The rest of the story is pretty weak, too, by my lights, with only a few points of favor. The notion of a cheap inn where people check in but they don't check out is interesting, but instead of using it as a straight revenge piece, Howard has Conan [SPOILER ALERT] escape through the outer door, which somehow doesn't lock from the outside the way the door to the rest of the inn does, and then happen to run into a naked woman, who just happens to be the princess of the city in disguise (though it's hard to imagine her incognito in that getup). Howard spends a while having Conan (and us) leer at her unclothed situation, the Cimmerian uttering such dopey blandishments as "Beauty like yours might drive a man mad," as he gropes her.
In addition to being politically incorrect, the presence of the Darfur slaves raises another question: What municipal authority would allow part of its population to wander around at night eating the taxpayers? Especially slaves. Slavery meant keeping a tight rein on the slaves, end stop. I read Frederick Douglass's first memoir, where slaveholders broke up a gathering of slaves who were trying to learn how to read. Here in Zamboula, we're asked to believe that the authorities don't "clean out these black dogs" (to use Conan's colorful term) because they are afraid there might be unrest.
"They are valuable slaves," murmured the girl. "There are so many of them they might revolt if they were denied the flesh for which they lust. The people of Zamboula know they skulk the streets at night, and all are careful to remain within locked doors, except when something unforseen happens, as it did to me. The blacks prey on anything they can catch, but they seldom catch anybody but strangers. The people of Zamboula are not concerned with the strangers that pass through the city."
If you can't walk the streets of your town without fear of being someone's bedtime snack, I'd say you have something less than "valuable slaves" on your hands.
Even the visit to the temple was weak. The reason for Conan going there, and risking his life, is "Zabibi's" beauty. He is so impelled by this that he can't think of anything else. Conan's libido has come into play before, but not so pronouncedly. He's not this much of a horndog, to wander aimlessly inside a darkened temple on the off-chance a wizard may be persuaded to give this woman an antidote to her lover's madness.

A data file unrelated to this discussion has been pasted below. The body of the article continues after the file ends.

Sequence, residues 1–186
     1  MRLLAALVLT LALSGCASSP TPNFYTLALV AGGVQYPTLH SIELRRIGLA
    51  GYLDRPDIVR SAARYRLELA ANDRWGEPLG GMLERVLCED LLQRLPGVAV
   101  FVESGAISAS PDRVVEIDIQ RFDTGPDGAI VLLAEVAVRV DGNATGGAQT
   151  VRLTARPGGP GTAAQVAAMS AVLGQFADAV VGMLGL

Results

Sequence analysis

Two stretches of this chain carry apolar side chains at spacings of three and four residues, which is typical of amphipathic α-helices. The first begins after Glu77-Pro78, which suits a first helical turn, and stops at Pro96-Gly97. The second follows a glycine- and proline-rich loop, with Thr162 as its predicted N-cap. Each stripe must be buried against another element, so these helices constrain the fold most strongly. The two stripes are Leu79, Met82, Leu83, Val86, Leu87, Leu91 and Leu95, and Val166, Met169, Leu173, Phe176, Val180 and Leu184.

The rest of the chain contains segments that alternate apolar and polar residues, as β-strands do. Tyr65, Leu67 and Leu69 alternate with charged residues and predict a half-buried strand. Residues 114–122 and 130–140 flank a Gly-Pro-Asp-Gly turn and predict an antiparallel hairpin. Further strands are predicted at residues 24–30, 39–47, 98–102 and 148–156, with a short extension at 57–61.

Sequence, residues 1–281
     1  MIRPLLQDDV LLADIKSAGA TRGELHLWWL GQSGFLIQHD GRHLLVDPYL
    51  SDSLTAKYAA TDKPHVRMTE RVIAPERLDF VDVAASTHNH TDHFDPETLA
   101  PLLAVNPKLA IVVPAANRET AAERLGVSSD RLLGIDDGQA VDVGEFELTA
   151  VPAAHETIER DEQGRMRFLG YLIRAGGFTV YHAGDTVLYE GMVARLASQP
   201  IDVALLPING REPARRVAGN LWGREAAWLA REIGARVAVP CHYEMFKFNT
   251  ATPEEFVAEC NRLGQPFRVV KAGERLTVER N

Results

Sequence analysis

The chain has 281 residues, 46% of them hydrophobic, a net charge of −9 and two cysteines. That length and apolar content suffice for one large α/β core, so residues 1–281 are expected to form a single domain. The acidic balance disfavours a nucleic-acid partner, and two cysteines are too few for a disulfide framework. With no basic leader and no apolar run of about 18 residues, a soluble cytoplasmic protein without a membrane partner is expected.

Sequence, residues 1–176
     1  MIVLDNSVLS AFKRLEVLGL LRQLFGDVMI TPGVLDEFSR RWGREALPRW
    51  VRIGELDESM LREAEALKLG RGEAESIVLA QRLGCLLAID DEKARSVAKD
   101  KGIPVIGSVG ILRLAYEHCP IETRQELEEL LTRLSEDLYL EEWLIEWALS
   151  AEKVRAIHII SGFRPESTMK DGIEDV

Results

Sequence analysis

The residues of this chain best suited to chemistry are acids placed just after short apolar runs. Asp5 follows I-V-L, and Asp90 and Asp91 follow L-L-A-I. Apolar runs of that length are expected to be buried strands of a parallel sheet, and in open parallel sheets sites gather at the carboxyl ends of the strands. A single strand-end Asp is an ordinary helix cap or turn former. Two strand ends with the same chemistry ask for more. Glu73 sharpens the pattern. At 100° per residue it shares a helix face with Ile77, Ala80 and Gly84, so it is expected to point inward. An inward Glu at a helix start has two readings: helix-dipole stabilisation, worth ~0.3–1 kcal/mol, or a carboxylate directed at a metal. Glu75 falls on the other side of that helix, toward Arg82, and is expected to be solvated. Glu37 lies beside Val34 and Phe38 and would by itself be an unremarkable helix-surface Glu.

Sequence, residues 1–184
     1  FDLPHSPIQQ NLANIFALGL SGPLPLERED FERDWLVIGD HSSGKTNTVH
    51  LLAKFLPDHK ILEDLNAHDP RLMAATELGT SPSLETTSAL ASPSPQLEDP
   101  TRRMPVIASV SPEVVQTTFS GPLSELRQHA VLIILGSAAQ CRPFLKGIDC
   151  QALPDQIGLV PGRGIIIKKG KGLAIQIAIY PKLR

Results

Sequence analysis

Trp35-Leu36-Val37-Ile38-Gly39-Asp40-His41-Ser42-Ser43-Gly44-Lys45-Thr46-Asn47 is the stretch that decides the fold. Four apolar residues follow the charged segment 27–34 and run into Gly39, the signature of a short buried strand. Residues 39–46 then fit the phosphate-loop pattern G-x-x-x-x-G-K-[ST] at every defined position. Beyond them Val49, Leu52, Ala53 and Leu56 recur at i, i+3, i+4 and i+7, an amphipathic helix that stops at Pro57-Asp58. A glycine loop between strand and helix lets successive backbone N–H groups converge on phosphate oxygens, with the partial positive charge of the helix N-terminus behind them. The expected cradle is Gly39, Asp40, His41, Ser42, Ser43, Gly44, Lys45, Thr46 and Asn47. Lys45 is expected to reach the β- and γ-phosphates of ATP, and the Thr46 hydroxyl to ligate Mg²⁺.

I did like some things about it, like the confrontation between Conan and Baal-pteor. Conan is still stuck with some groaner lines ("Blast your soul!"), and the mesmerism thing goes on a bit long, but the choke-off is pretty good. Like Conan's parting taunt especially: "Did you deem yourself strong, because you were able to twist the heads off civilized folk, poor weaklings with muscles like rotten string?"
The ending is also good, really good, good enough to remind me that this is Howard we are talking about. He winds up the cannibal angle about as well as can be expected, then really does well with the Zabibi arc. She stands Conan up, but you can respect her position, and better yet, share a laugh with the Cimmerian as he rides off.
What a shame the rest of the tale wasn't up to the standard set by "Shadows Of Zamboula's" conclusion. Anyway, I'd love to hear from others with similar or different takes. Is this indeed Conan's worst story, or do I need to read "Vale Of Lost Women"?